On Thursday morning 11AM, David and I met to go and see Lord of the Rings - Return of the King. Long waited but still feared for it's length: 202 minutes (3 hours and 22 minutes + adverts). The cinema was only half full but we had the luck to go at the same time as some 150 school-kids who did NOT have the patience to sit 4 hours. It was noisy but we learnt to ignore it after a couple of hours.
It was mighty. Magnificent and mighty. Environmental scenes that makes you think it's an IMAX documentary. The acting was better than the two other two films I think, but maybe you simply appreciate them more between all the massive landscape scenes.
I haven't read the book otherwise I would probably also find flaws like this pessimist apparently has.
My biggest concern was that too many things happened too quickly. In the first two films I managed to follow everything but this time it felt like too many things had to be squeezed in to remain under three and a half hours. Maybe they should have done this last film in two parts both 3 hours long. Looking forward to download the Extend DVD version from the net when available.
"Adaptation was supposed to have been a straightforward adaptation of the fact-based novel The Orchid Thief but instead Kaufman turned his script into the story of his problems adapting such a difficult book for the screen."
I saw this film today and it is probably one of oddest and softest films I've seen in a looong time.
It's about a Hollywood screenplay-writer called Charlie Kaufman (played by Nicolas Cage) and his twin brother Donald (also played by Nicolas Cage). Charlie is the sensitive and talented one but has absolutely no confidence in himself or his work. He envies his brother Donald who is just as extrovert as Charlie is introvert. Here's a picture from the film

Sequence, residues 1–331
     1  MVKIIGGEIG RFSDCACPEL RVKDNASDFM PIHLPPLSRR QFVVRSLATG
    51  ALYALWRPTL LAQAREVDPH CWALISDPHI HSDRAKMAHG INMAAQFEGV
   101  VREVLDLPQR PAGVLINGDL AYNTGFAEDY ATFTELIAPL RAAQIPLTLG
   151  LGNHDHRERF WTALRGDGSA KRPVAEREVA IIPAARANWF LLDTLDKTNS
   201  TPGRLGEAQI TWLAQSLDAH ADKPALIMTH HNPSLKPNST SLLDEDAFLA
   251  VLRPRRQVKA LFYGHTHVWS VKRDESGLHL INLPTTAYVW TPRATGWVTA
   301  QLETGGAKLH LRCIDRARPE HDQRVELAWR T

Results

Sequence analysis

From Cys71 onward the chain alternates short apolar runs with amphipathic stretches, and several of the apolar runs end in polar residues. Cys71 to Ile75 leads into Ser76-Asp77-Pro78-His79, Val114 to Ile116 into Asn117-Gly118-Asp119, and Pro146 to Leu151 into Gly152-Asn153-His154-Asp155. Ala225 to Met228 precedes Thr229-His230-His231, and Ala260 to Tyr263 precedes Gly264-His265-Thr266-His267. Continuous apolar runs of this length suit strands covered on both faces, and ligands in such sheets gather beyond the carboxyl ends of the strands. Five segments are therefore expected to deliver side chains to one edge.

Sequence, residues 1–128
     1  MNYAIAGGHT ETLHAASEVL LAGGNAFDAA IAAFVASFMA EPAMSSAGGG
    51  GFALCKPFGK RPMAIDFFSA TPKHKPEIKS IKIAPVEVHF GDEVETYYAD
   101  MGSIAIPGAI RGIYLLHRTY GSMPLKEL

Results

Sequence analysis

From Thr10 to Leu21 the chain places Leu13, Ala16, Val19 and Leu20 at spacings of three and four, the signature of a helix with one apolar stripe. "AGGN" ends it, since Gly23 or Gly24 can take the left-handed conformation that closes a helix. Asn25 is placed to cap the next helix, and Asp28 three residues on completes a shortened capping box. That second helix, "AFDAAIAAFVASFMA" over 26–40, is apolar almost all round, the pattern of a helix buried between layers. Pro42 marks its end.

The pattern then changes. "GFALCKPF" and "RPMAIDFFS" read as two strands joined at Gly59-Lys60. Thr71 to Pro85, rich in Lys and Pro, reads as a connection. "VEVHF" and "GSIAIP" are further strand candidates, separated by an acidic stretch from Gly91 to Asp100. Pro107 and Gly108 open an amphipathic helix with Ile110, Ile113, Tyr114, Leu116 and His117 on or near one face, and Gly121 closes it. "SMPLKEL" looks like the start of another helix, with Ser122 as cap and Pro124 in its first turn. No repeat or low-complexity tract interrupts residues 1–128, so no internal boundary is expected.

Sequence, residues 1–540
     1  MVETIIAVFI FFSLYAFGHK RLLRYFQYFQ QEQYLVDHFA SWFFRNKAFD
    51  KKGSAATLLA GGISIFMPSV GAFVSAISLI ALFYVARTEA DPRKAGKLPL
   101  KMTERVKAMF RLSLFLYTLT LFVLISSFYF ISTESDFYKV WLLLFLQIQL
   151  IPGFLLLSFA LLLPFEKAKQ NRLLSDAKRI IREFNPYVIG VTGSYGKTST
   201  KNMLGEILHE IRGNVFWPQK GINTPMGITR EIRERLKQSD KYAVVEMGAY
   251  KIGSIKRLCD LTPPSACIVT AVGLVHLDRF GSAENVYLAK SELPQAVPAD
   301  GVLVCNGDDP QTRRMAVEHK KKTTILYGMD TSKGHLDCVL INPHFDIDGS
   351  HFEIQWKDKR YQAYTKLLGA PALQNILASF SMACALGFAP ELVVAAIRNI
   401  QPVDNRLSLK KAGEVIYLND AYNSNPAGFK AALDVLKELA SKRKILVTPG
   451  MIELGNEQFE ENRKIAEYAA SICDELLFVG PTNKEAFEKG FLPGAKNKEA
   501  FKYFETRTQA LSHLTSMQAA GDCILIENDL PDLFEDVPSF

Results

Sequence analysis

Charlie's job is to write a screenplay based on a book about flowers but he can't do it so eventually he instead writes about him trying to write the screenplay. That's what the film is about. Oddly self recursive somehow.
Nicolas Cage, Maryl Streep and Chris Cooper all do a wonderful job in this film. The best I've ever seen of any of them.
Charlie Kaufman has also written the screenplay for Confessions of a Dangerous Mind and Being John Malkovich and here is a page with a picture of him and there is also a picture on this IMDB.com page.
Just got back from the premiere of The Matrix Revolutions which is the last in the trilogy of the Matrix films.
I don't want to spoil it for anybody but I can say that I was impressed. Lots of computer animated laser guns, flying punches and causality questions. The story is as expected pretty shit but who cares. I didn't go to see the film for the love story or the "We're doomed! ...unless a miracle happens".
One thing is for certain: Don't rent this film on VHS. See it at the cinema with great sound and wide screen.
I particularly enjoyed the final fighting scene. My immediate impression is that Jacky Chan, Let Li et. al. have a lot of catching up to do :)
Slashdot (careful some spoilers in the comments)
Pessimistic BBC.co.uk review